Wednesday, 5 June 2013

Rochdale Carer's Strike Threat

LAST Saturday, one of the care workers involved in the threatened Rochdale care worker's strike wrote in angry response to a report in the Rochdale Observer apparently designed to spread panic and stir-up feeling against the care workers.  The union Unison claimed some members stood to loose £10,000 a year under the proposed changes being forced through by 'Future Directions', and the firm's Managing Director, Paula Brayson boasted:
'We won the contract to employ people in hard economic times...and have made the union an offer that's not just higher than the living wage but also greater than the market rate for this kind of social care.'
This makes the employer seem positively altruistic in giving the staff jobs at all in 'hard economic times'.  It also raises worries that the so called 'living wage' fought for by the trade unions may become a benchmark to justify decreasing wages by the bosses.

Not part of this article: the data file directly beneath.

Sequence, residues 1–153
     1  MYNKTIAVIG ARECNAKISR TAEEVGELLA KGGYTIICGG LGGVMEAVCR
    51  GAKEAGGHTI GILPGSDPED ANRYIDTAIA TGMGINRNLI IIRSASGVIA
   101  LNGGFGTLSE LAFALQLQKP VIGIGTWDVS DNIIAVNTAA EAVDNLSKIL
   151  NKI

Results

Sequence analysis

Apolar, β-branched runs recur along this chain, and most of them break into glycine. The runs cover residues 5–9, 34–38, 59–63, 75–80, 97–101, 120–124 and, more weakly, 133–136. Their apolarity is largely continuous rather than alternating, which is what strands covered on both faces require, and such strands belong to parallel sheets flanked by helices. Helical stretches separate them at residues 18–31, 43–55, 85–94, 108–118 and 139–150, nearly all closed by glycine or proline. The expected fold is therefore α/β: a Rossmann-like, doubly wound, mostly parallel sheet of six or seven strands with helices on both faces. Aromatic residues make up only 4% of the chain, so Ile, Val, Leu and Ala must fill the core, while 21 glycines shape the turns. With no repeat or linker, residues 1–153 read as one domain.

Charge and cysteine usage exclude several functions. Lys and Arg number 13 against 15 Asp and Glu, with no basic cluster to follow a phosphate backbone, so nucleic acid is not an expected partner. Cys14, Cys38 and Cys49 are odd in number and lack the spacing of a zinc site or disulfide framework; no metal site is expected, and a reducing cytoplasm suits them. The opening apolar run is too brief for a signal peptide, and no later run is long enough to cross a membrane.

The letter writer who uses the title 'Disgusted' writes;
'Future Directions say that the offer is their best and final offer, in actual fact it was their only offer with no negotiations involved.' 

Disgusted continues: 
'Staff are losing £400 to £500 per month through losing their weekend enhancements and unsocial hours pay.  Staff with long service have had their holiday entitlement cut with no negotiations...   Our job description has not changed, we will still be responsible for giving medication and looking after money.  Unqualified hospital staff would never be allowed to administer medication.'

This is of some concern and raises the question of whether we are expecting to get social care on the cheap.  Last night, 'File on Four' on Radio 4 broadcast a report on 'Operation Jasmine' into the UK's biggest ever care home abuse investigation.  If society is not prepared to pay to get qualified staff these kind of problems could easily increase.

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